- Pittsburgh’s magnet schools boast high grad rates - 2013-06-14
- Pitt hosts national summit tackling poverty research cuts - 2013-06-14
- Last Dance: AVA Bar & Lounge in East Liberty closing - 2013-06-12
- Abay Ethiopian Cuisine in East Liberty to close after 10 years - 2013-06-08
- Is a woman’s appearance key to her career? - 2013-06-07
Created on Wednesday, 20 February 2013 09:39 Last Updated on Wednesday, 20 February 2013 09:39 Published on Wednesday, 20 February 2013 09:39 Written by Rebecca Nuttall - Courier Staff Writer Hits: 1749
While Officer Tonya Ford travelled to Harrisburg on Feb. 8 to advocate for a youth crime prevention program with local State Rep. Jake Wheatley and City Councilman Daniel Lavelle, controversy surrounding the Pittsburgh Bureau of Police and Chief Nate Harper was rising to a fever pitch.
A few days later, a Channel 4 News crew ascended on Ford’s home to shoot footage of her house for a story on her private business and connections to Chief Harper. The story produced by Channel 4 included the value of her house, how much she made in take home pay last year, and footage of the vehicle her husband uses in work for the FBI.
Ford has been thrust into the spotlight due to controversy surrounding Chief Harper, who is currently involved in a federal investigation regarding a city contract with a firm that was paid to install radios and computers into Pittsburgh police cars. While new allegations seem to be sprouting daily in the media against Harper and his subordinates, none has been charged with a crime, or disciplined within the Police Bureau.
Among the media’s allegations of impropriety is Harper and Ford’s involvement in Diverse Public Safety Consultants LLC, a company formed along with colleagues Cmdr. Eric Holmes, Sgt. Barry Budd, and Tamara Davis, who works in the police personnel and finance office. However, Ford said the company does not violate any laws or policies because it is not yet operational.
“They are attacking me as if no other police have businesses,” Ford said. “Are you investigating the people who you know have these companies? I don’t really care, but if you’re coming after me, it (shouldn’t) be a double standard.”
The media has also attacked Ford for selling goods and services through her private business D&T Enterprises, which provided catering at a police event, and for selling police memorabilia through her company Police Memories. According to the city code of conduct, Ford’s actions could be considered an ethics violation because employees are prohibited “from using official title, insignia or position in connection with any private business from which the public official or city employee receives compensation.”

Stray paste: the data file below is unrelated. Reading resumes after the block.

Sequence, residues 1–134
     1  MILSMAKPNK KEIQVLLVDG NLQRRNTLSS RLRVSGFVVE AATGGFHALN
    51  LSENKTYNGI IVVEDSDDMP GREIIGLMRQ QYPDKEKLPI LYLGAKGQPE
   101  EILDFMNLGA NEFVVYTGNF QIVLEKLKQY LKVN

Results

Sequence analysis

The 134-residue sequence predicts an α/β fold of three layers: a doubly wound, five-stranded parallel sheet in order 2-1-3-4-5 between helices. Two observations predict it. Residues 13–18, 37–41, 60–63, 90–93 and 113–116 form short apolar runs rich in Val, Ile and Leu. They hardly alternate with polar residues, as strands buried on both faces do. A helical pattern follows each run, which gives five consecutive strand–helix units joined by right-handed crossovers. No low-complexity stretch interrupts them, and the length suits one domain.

But how common are side businesses like Ford’s among other police officers? According to news reports on the Jordan Miles case, where three police officers were accused of beating a then 18-year-old CAPA High School student, a private polygraph firm owned by a Ross Township police officer administered polygraph tests on the three officers. In the city, police officers are trained in self-defense techniques at Wright’s Gym, which is owned by a veteran officer on the force.
Ford’s colleague Cmdr. Holmes has also come under scrutiny in the media for his involvement in the consulting firm and a fulltime position he took with Slippery Rock University while simultaneously working as a sergeant for the Pittsburgh police in 2007. Chief Harper has been attacked for approving Holmes’ outside employment, and for Holmes’ promotion last year from sergeant to commander, which skips a rank.
“The reporting has been so slanted. It’s been biased and racist in the clearest form,” said Officer Brenda Tate. “No other chief has been harassed like this.”
Veteran Officer Tate and others have come to Ford and the other officers’ defense recently to decry the media coverage of the incidents. They also say the positive work of the officers is being ignored.
“It’s not that I’m a hard worker or educated, there has to be something else going on,” said Ford about the allegations of misconduct. “You say how much I made; you say how much my house costs, but you never say what I’ve done for the community.”
In addition to Ford’s work to bring a Police Athletic League youth crime prevention program to Pittsburgh, Ford has been instrumental in developing numerous youth initiatives including the city’s 52 Weeks of Peace, Adopt a Block, Safety Kids, and Junior Police Academy programs. She also created the Cops and Kids Summer Camp, which serves 180 children each year.
Digital Daily Signup
Sign up now for the New Pittsburgh Courier Digital Daily newsletter!
- Pitt hosts national summit tackling poverty research cuts (2)
- Last Dance: AVA Bar & Lounge in East Liberty closing (5)
- A White South African's memories of Nelson Mandela (2)
- Black politicians need to learn to steal from the right people (1)
- Homeowners Bill of Rights emerge as remedy to foreclosure (1)